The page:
The release of Ukrainian political prisoner Nadiya Savchenko is remarkable in that President Vladimir Putin, Russia’s autocratic bully, lost to a defiant woman.
Canada’s foreign minister, Stéphane Dion, called it “a positive milestone” and that Canada is “hopeful that other prisoners held by Russia on politically motivated grounds will be released.”
It is quite likely that Nadiya’s release comes with hard preconditions, perhaps the elimination of sanctions. Whatever happens next must not undermine her personal victory and Ukraine’s tough stand against his terror. Canada must hold firm and do more: pass legislation to freeze the assets of human rights violators like those who violated Nadiya’s rights.
She is a powerhouse: a Ukrainian military pilot with beauty, brains, and commitment to lay down her life for her country -- on the front in battle with Russia or in its prison, where she nearly died in a hunger protest. She is the stuff women’s magazines feature as role models, of books, and Hollywood films. Search worldwide and there is none other like her.
But she is more. She is a symbol of resistance to an autocrat determined to upset security and global order. This makes her every democrat’s hero.
Putin wanted to demonstrate power by incarcerating her, claiming she entered Russia illegally, trying her, finding her guilty despite the evidence, and sentencing her to 22 years in prison. He could do this because in Russia the heinous man is the law, the perversion of the law.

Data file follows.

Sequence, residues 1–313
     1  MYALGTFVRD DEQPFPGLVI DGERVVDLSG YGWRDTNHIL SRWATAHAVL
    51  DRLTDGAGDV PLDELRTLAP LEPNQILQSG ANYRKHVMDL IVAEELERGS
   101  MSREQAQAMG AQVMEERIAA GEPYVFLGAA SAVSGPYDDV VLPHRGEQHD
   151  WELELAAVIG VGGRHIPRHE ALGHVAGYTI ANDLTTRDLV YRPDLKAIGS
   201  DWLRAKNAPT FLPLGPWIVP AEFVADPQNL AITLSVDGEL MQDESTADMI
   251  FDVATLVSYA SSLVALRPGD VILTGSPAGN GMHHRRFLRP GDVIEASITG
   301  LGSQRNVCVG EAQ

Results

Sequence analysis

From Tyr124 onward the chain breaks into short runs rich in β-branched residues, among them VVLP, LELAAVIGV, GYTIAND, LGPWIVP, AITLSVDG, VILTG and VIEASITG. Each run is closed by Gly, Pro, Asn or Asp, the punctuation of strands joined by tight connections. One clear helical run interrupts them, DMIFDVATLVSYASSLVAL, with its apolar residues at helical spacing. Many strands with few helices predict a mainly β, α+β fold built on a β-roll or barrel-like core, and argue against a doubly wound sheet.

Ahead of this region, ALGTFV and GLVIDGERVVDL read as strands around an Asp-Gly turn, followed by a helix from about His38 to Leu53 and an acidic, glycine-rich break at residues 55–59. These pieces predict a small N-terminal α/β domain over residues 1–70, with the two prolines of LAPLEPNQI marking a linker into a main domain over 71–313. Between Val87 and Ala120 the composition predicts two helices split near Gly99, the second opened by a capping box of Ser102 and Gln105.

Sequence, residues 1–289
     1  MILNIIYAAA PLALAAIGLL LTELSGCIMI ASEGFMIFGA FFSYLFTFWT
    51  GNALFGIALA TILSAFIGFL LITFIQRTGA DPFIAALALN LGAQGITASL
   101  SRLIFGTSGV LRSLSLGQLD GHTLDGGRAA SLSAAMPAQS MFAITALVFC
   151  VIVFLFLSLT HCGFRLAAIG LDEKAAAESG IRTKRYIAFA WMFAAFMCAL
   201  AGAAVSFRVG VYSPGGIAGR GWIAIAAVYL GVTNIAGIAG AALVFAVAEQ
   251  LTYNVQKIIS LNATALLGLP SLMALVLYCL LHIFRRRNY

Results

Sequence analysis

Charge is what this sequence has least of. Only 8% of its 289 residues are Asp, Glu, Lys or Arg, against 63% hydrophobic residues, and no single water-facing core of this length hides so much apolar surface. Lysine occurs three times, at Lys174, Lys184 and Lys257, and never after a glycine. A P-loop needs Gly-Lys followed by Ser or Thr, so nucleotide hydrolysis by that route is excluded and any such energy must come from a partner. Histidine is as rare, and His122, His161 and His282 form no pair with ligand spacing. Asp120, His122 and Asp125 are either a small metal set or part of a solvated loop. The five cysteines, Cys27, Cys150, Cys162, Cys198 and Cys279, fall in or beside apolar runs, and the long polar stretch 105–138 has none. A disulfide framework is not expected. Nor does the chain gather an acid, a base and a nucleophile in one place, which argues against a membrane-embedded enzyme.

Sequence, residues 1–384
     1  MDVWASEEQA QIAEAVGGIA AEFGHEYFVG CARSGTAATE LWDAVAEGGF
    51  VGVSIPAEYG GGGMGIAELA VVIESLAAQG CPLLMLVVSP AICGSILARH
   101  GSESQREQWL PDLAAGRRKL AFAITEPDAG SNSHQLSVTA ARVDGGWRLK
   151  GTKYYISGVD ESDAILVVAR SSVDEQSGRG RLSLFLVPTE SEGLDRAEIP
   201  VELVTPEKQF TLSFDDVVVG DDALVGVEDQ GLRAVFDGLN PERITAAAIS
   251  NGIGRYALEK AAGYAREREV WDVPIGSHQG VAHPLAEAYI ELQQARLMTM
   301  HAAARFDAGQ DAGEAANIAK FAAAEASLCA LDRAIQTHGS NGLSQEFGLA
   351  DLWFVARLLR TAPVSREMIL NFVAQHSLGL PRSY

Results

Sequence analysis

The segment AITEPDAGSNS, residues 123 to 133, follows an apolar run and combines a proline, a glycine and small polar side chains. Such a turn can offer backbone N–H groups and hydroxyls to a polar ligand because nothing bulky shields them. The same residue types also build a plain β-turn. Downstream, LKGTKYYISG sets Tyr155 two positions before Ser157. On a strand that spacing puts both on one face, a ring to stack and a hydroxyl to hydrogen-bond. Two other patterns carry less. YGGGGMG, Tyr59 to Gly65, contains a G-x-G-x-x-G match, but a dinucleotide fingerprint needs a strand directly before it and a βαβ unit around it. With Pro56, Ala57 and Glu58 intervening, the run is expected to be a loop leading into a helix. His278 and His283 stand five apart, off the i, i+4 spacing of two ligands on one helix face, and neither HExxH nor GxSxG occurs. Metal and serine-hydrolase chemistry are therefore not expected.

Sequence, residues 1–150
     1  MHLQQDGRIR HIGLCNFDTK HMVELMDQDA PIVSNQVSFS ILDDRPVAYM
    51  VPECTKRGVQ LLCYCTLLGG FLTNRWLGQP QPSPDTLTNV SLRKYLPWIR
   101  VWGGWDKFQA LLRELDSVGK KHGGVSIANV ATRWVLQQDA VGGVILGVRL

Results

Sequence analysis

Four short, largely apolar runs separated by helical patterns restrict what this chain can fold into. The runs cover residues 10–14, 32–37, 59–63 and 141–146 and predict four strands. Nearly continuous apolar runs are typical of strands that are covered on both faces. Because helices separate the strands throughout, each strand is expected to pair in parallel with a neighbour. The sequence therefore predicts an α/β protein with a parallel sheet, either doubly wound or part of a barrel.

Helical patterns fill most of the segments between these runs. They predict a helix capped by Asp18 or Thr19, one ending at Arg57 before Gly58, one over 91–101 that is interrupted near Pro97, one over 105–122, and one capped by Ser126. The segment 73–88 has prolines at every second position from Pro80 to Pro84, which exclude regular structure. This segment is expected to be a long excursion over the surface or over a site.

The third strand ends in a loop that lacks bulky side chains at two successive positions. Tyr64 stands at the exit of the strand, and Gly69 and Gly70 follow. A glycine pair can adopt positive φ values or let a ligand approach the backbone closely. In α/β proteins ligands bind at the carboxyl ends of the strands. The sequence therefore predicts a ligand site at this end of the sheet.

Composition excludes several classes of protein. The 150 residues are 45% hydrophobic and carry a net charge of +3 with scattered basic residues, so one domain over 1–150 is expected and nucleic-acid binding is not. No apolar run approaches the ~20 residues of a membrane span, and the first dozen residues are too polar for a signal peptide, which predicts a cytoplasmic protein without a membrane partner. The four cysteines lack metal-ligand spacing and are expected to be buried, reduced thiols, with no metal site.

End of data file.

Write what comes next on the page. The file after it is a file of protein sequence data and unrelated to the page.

Nadiya’s heroism lies in not having caved. It’s the same spirit that defines Ukraine’s enduring resistance, be it its soldiers on the front, journalists exposing the crippling corruption, the thousands of volunteers who support the war, or the millions who support their homeland’s sovereignty every day.
Just like Nadiya did. Her unbreakable spirit draws strength from her feisty people and, in turn, feeds their courage, endurance, and love of freedom. It’s a great love nourishing all freedom-loving people of the world. This is why Canada and other democracies help Ukraine, not Mr. Putin, to win.
Nadiya Savchenko is a rock star for justice and the triumph of the individual over an autocrat and his state. No wonder that Ukrainian President Petro Poroshenko rewarded her with the Hero of Ukraine medal.
Stepping out of the presidential plane, she took off her shoes to feel the soil of her homeland once again and said, “I thank all the guys that stayed alive [on the front] and those that died for our Ukraine.”
She went on: “I’m not going to talk badly about people, I don’t want to share my hate, my anger, I hope that eventually I will only have wisdom…from those feelings. I don’t want people to want war, I want people to want peace. Unfortunately peace has to come out of war. I want to say ‘hi’ to Russians and tell them there’s nothing to be afraid of. You have to get up from your knees. I understand it’s not the easiest country to do that in.”
The words are visionary. They inspire, “The nation is a strong force. The essence of the democracy is for the nation to talk and to make [the authorities] hear it. We will be heard, as we are Ukrainians, and we’ve given our lives to be heard.”
It would be a betrayal of the universal spirit of democracy and freedom if the West were to cave to President Putin’s demands to lift sanctions, or to violate Ukraine’s sovereignty by forfeiting Crimea or Donbas.
Canada’s solid friendship requires holding firm to our values by supporting Ukraine. It means passing the Justice for Victims of Corrupt Foreign Officials Act. Ukraine has a list of such individuals, known as the Savchenko list. Let’s have it.
Oksana Bashuk Hepburn, former public-servant policy adviser in the Canadian government and president of a consulting firm brokering interests between Canada and Ukraine, is a founding member of the Canadian Group for Democracy in Ukraine. She survived both the Nazi and Russian communist regimes.
The Hill Times